Review: Blake Charlton – Spellwright

Blake Charlton
Nicodemus Weal is both blessed and cursed. Once thought to be the saviour of humanity, his ability with spells is actually warped so that he misspells everything creating chaos. This sound bad enough, but add re-emerging golems and a couple of murders and you have a real recipe for disaster.
6703145The idea of this book came from the author’s own dyslexia which I think adds a lovely depth and essential detail to the novel. Personal experience can be such a weath to mine and produce something wonderful. In this case, it is an extremely complicated and novel system of word forging. As the novel progresses, the reader is introduced to more of the complex spellwriting languages.
The introductory chapter of this book was unnecessarily wordy, even if it did explain well the system of magic operating in this world. The magic system was what redeemed this book for me, and I only wish there had been a better way of explaining how it worked, and I also would have liked some more information about the other languages.

Nicodemus and Shannon are really flat, transperant characters. Nicodemus was sure he was the chosen one, even when he wasn’t obviously one. Even with the million hints pointing to him being something else, he wasn’t able to realise that! Plus he should have kept a better grip on that damn emerald. As if you wouldn’t sew it into your skin so you didn’t lose it again. I actually liked Shannon, and although he wasn’t fleshed out, I still empathised with him, and felt sorry for him.

The twist with the Druid wasn’t lead up to properly, and I didn’t understand her stupid fits at all! Nicodemus was far too trusting, and noone seemed able to make the obvious connections that were there. The rest of the time the Druid didn’t make sense, and her place in the Arc’s protection was not obvious. The reader wasn’t even able to make the same connections as Nicodemus about her magic abilities, because they weren’t given enough information.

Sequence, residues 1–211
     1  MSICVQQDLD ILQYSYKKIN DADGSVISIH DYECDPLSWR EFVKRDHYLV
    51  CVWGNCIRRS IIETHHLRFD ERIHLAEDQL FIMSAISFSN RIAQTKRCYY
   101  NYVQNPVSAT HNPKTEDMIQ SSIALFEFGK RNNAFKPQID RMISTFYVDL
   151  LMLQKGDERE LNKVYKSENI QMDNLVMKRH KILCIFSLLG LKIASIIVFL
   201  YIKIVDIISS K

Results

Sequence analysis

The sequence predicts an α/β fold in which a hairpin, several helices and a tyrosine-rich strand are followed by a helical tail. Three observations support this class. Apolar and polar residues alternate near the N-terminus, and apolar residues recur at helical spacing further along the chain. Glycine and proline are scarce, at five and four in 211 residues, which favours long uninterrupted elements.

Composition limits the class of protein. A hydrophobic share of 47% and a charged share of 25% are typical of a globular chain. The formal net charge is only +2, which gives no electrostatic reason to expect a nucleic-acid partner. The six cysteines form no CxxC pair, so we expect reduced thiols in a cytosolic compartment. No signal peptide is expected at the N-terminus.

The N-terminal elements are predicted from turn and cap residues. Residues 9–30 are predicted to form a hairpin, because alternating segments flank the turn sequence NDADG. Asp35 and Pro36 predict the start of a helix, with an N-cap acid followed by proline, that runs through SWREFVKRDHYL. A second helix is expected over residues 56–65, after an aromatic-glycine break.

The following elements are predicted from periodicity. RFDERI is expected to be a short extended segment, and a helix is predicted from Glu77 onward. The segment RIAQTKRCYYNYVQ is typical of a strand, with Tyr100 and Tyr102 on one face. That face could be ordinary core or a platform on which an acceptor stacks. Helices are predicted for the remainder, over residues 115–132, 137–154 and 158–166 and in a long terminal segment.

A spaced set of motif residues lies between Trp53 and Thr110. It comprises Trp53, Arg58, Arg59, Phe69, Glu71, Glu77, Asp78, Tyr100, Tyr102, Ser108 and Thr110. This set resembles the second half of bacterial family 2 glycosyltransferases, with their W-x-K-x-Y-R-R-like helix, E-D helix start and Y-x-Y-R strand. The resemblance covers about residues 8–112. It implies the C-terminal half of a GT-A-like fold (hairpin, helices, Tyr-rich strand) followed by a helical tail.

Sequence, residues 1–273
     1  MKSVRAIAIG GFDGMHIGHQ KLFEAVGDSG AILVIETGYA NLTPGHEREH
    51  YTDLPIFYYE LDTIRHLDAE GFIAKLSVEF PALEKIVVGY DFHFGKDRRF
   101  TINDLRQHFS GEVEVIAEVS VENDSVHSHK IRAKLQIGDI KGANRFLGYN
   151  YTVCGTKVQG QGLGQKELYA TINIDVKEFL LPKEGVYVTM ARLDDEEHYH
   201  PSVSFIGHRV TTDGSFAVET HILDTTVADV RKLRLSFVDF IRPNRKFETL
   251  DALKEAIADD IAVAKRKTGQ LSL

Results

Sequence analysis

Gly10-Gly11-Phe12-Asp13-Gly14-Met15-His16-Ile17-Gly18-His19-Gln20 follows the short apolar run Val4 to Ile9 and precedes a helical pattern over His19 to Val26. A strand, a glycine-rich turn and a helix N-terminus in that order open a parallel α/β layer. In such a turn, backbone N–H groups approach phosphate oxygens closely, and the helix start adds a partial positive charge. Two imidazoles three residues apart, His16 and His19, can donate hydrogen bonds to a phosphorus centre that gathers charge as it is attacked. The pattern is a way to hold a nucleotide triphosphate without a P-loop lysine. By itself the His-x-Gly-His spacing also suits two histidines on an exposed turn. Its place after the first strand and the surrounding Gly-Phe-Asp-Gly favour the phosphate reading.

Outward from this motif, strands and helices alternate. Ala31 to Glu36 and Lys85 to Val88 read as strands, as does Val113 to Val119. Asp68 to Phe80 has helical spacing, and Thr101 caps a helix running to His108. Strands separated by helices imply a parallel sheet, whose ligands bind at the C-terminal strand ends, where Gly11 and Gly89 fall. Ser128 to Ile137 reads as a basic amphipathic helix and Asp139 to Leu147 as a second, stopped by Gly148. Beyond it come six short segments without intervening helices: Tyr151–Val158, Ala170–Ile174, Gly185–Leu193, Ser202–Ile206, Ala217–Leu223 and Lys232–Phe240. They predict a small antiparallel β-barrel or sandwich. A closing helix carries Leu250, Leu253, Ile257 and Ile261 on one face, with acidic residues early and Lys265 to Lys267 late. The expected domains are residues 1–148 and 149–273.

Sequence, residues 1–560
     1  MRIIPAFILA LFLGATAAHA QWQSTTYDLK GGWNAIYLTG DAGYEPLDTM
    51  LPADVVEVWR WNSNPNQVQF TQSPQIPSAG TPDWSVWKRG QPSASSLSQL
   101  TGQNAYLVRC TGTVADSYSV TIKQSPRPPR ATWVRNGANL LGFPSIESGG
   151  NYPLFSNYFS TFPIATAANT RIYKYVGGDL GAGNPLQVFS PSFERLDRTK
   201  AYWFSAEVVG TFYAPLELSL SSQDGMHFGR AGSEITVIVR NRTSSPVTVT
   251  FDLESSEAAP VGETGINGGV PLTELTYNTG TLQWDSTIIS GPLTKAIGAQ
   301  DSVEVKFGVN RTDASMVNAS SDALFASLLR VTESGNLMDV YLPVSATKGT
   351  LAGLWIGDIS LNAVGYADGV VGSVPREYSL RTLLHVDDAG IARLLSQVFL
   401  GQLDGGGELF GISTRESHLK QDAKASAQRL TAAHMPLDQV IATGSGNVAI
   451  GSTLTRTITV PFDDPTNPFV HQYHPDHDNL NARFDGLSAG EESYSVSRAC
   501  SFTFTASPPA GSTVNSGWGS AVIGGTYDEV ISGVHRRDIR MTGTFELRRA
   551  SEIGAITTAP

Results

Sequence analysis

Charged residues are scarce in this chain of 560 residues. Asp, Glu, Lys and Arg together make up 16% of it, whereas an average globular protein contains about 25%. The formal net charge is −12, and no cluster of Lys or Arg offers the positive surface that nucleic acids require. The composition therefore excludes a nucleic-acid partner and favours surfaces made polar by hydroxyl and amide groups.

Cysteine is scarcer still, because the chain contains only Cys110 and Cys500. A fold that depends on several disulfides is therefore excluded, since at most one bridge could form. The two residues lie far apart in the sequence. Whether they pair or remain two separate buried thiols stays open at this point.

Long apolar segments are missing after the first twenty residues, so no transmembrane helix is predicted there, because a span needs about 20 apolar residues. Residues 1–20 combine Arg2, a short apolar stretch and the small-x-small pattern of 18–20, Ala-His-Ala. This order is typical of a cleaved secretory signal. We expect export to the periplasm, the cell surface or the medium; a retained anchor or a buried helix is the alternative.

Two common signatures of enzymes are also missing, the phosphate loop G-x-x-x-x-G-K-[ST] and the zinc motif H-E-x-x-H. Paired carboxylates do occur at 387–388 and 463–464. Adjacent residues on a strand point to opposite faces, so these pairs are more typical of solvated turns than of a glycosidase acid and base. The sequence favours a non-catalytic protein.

The perspective changes in this novel could have been used more, but they did work for me. I just wished I had had more information on the motives of all parties, rather than the focus on Nicodemus (although he was the main character, the other characters were equally important I think).

I’d say that this book was suitable for both teens and adults in terms of content, although the style of writing is certainly for adults. It wasn’t a bad book, just not an outstanding one because I didn’t connect with the main character. There is another book in this series (it is a triology) and although I enjoyed this book (mainly due to the magic system, not the characters), the sequel is not on my ever-growing to-read-soon list.

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 I purchased this book while I was on holidays from Barnes and Noble.3star

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